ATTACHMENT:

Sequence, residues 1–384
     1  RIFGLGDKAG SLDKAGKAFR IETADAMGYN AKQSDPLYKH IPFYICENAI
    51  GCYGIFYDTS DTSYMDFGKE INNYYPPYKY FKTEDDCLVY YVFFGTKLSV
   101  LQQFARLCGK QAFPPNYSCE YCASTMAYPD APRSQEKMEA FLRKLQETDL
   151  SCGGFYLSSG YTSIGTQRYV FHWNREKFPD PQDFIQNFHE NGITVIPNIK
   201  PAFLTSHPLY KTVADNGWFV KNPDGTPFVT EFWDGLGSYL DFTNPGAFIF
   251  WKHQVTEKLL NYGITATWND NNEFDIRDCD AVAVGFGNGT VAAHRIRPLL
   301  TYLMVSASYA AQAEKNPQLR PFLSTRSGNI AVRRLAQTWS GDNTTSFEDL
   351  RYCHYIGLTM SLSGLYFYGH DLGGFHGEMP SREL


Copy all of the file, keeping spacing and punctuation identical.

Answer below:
Sequence, residues 1–384
     1  RIFGLGDKAG SLDKAGKAFR IETADAMGYN AKQSDPLYKH IPFYICENAI
    51  GCYGIFYDTS DTSYMDFGKE INNYYPPYKY FKTEDDCLVY YVFFGTKLSV
   101  LQQFARLCGK QAFPPNYSCE YCASTMAYPD APRSQEKMEA FLRKLQETDL
   151  SCGGFYLSSG YTSIGTQRYV FHWNREKFPD PQDFIQNFHE NGITVIPNIK
   201  PAFLTSHPLY KTVADNGWFV KNPDGTPFVT EFWDGLGSYL DFTNPGAFIF
   251  WKHQVTEKLL NYGITATWND NNEFDIRDCD AVAVGFGNGT VAAHRIRPLL
   301  TYLMVSASYA AQAEKNPQLR PFLSTRSGNI AVRRLAQTWS GDNTTSFEDL
   351  RYCHYIGLTM SLSGLYFYGH DLGGFHGEMP SREL